While superhero Nitro looks after the oceans, Galactica – or Dr Rosalind Skelton – studies the stars. Dr Skelton is a Southern African Large Telescope (SALT) astronomer at the South African Astronomical Observatory, and an assistant lecturer at the UCT Department of Astronomy. Between helping to maintain and improve the telescope and studying its data, she lectures for the National Astrophysics and Space Science Programme at UCT, which trains postgraduate students in astronomy.
Of being portrayed as a superhero, Skelton said, “It’s a bit scary to put oneself out there and be described as a kind of superhero – not something I’m used to, as a scientist! I feel somewhat embarrassed, and proud at the same time. I’m happy to be sharing what I do in a novel way, and would be very happy if it inspires a child to follow their interests into a career in science.
“It’s a wonderful initiative that highlights the relatively unknown work being done in South Africa, in many very interesting areas of science. I like that it includes diverse fields, and I think it will open children’s eyes to career options they may not have realised were possible. It provides role models who are real, local people, hopefully up-ending outdated ideas of what scientists look like,” Skelton added.
There are also UCT alumni who have become SuperScientists – such as Dr Mohlopheni Marakalala (The Eradicator), who is an investigator at the Africa Health Research Institute; Professor Nombulelo Magula (Iron Heart), who is the head of the University of KwaZulu-Natal’s Department of Internal Medicine; Dr Lenine Liebenberg (The Guardian), who is a scientist at the Centre for the AIDS Programme of Research in South Africa Mucosal Immunology Laboratory; and Dr Dimakatso Gumede (Checkpoint), who is a postdoctoral researcher in bioengineering and integrated genomics research at the Council for Scientific and Industrial Research (CSIR).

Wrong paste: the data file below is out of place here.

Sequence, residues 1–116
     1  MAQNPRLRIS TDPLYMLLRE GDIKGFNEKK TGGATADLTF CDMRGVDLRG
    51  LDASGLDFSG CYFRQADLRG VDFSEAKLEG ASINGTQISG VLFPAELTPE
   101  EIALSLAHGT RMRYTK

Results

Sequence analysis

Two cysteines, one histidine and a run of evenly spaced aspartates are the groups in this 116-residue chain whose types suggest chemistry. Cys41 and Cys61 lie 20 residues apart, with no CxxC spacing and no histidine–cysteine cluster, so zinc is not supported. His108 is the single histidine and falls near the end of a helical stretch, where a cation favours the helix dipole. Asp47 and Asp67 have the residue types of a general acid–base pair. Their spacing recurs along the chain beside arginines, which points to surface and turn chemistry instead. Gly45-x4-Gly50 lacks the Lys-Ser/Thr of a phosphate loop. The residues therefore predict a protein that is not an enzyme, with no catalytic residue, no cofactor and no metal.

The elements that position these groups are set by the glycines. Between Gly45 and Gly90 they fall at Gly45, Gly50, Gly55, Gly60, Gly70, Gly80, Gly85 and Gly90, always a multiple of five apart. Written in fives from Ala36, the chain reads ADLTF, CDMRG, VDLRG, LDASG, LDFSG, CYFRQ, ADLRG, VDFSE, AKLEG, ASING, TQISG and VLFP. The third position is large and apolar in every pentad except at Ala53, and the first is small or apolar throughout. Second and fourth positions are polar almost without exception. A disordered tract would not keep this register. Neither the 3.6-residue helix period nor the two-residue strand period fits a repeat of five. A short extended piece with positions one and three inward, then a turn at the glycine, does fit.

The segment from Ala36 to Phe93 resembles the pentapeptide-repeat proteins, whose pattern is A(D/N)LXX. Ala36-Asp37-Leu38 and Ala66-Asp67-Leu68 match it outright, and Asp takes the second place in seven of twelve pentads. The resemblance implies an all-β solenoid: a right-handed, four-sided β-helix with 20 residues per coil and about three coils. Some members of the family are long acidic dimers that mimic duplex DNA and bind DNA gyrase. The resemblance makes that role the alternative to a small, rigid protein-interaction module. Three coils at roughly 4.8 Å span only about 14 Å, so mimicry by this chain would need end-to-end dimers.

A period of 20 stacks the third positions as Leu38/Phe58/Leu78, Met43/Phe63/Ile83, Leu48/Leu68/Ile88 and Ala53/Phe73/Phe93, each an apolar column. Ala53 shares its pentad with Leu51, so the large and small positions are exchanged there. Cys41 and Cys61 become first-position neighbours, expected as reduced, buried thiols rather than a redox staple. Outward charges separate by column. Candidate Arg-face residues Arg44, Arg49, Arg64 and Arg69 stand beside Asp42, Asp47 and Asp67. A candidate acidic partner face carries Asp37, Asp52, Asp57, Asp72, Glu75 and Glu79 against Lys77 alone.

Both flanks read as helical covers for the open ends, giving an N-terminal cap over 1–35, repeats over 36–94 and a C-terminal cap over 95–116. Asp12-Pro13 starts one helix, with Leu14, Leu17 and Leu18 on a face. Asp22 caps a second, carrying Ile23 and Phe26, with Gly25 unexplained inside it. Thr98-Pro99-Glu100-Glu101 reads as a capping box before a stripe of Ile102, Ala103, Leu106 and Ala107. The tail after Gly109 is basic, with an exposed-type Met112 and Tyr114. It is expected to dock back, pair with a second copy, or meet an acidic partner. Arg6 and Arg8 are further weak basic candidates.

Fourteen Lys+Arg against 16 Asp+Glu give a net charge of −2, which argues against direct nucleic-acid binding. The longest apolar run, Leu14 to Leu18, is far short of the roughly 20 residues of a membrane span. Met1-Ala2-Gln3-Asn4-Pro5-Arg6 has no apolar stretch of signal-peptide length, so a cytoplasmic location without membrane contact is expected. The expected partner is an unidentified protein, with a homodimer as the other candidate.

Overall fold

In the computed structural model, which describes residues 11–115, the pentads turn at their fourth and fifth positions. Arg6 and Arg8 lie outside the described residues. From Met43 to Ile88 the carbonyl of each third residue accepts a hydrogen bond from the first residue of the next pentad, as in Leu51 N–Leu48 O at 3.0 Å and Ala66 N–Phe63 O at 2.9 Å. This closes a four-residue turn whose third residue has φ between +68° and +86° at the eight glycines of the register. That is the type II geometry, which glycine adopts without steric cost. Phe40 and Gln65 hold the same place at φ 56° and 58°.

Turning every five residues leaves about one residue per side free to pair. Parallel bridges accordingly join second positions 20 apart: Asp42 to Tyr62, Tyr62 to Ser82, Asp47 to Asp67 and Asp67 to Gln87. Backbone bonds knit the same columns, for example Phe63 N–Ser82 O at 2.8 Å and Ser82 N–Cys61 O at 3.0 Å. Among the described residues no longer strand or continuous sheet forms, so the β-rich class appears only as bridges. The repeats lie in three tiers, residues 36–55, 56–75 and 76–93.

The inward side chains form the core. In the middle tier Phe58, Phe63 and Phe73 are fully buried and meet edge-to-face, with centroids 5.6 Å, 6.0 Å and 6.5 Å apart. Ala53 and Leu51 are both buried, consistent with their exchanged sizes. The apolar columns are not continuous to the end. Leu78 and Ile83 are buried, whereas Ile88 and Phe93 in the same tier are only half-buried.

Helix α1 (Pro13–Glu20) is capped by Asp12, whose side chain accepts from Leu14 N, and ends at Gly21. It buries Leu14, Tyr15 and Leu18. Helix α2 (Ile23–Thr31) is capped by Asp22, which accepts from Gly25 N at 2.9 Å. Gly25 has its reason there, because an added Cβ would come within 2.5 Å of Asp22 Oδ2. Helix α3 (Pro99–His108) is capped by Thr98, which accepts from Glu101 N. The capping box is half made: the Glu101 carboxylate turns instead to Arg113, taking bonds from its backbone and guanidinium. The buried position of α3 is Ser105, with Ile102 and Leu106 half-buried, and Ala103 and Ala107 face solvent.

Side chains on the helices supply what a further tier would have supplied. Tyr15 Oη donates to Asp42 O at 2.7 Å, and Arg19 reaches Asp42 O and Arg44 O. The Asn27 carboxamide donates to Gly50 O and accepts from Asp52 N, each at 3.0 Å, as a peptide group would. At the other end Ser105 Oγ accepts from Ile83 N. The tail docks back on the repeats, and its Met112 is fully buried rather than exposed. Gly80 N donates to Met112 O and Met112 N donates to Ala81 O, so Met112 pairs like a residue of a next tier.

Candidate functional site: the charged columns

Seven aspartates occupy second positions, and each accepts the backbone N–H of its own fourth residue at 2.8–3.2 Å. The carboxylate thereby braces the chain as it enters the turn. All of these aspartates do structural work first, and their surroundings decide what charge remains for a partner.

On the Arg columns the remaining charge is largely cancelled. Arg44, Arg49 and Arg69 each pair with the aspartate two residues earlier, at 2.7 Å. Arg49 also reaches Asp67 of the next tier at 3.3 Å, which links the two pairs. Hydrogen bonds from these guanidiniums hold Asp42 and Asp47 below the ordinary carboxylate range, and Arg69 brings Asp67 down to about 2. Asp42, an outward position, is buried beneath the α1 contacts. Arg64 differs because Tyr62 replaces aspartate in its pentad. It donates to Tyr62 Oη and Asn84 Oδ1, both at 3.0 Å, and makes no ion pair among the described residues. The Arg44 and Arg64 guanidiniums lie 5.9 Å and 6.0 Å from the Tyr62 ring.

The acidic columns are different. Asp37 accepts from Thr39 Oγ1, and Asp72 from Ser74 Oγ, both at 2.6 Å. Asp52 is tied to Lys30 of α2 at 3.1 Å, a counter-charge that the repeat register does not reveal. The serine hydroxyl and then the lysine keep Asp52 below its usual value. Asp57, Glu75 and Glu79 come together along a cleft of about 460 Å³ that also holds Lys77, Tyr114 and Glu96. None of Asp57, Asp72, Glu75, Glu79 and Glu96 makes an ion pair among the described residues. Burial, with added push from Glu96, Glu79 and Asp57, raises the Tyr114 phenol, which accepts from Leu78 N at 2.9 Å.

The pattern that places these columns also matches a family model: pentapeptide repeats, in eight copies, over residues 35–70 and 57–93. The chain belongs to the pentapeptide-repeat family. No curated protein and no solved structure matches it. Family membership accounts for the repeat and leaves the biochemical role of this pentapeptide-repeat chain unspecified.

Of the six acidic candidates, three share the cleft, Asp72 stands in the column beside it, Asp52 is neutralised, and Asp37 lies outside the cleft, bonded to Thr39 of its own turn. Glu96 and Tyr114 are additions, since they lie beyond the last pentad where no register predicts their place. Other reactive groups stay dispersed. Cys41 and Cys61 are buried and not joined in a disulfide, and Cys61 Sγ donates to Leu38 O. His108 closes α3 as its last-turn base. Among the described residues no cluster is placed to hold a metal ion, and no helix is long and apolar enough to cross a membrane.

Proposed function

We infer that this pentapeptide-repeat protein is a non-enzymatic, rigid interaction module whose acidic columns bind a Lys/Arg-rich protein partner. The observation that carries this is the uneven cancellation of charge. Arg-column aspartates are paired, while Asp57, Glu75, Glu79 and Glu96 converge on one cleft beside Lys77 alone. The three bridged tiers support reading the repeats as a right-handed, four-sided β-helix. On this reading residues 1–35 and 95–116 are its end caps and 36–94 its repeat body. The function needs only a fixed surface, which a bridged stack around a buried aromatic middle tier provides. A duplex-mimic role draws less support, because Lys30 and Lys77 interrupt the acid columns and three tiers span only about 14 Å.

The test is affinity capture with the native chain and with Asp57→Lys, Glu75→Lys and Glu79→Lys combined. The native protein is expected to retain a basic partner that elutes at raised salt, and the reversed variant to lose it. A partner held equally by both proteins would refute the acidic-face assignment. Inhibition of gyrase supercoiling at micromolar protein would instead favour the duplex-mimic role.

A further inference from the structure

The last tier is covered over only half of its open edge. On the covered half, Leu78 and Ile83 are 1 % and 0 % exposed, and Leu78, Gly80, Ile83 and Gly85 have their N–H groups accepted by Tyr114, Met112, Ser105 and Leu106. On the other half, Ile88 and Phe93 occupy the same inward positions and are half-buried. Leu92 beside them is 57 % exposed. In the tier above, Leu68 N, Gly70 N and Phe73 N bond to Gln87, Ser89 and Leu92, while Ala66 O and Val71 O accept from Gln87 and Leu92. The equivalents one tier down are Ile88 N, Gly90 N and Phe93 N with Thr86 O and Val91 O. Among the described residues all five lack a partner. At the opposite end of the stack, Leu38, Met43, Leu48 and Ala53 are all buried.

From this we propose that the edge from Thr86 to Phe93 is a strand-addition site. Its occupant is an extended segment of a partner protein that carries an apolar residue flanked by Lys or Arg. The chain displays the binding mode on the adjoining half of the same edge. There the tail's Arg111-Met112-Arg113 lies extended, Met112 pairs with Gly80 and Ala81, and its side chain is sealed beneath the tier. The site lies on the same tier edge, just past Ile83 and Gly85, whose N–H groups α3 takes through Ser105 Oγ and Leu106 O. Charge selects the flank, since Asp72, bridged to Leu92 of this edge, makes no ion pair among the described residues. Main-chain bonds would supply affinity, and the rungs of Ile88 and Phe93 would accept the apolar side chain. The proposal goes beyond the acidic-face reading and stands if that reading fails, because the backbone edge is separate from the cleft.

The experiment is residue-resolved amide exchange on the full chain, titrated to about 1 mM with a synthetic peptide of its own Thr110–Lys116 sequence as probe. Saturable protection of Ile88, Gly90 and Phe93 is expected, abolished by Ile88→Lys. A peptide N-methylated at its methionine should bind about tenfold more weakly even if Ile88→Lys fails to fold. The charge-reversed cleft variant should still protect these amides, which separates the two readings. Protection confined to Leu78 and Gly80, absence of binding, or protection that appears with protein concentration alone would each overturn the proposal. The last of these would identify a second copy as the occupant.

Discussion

Dr Gumede, who graduated with a PhD that looked at the hereditary disorder of fibrosing poikiloderma, said her research at the CSIR now involves deriving immune cells (macrophages) and lung epithelial cells from induced pluripotent stem cells to identify potential treatments for inflammatory diseases.
“We hope that some day in the future, a scientist will say that the spark that got them interested in science was one of images we’ve created.”
“It’s exciting to contribute to making science fun and enjoyable for children who are interested in it. Programmes like these help young people to pursue their aspirations of being future scientists, and [help them] to know that their dreams are valid and achievable,” she said.
Nominations for SuperScientists have now closed, but people can continue to support the programme.
“As a project that is trying to reach as many young people as possible, and showcase different fields and communities, we are trying to develop funding that will help us reach hundreds of thousands of young people, or even more. Hopefully we’ll be able to secure that funding, and we can open nominations again,” said Yarrow.
He said people can sponsor or buy materials for their own children through the SuperScientists website.
“We hope that some day in the future, a scientist will say that the spark that got them interested in science was one of the images we’ve created, and that it made them see science and scientists differently and helped them see that they could become scientists themselves.”
Story: Wendyl Martin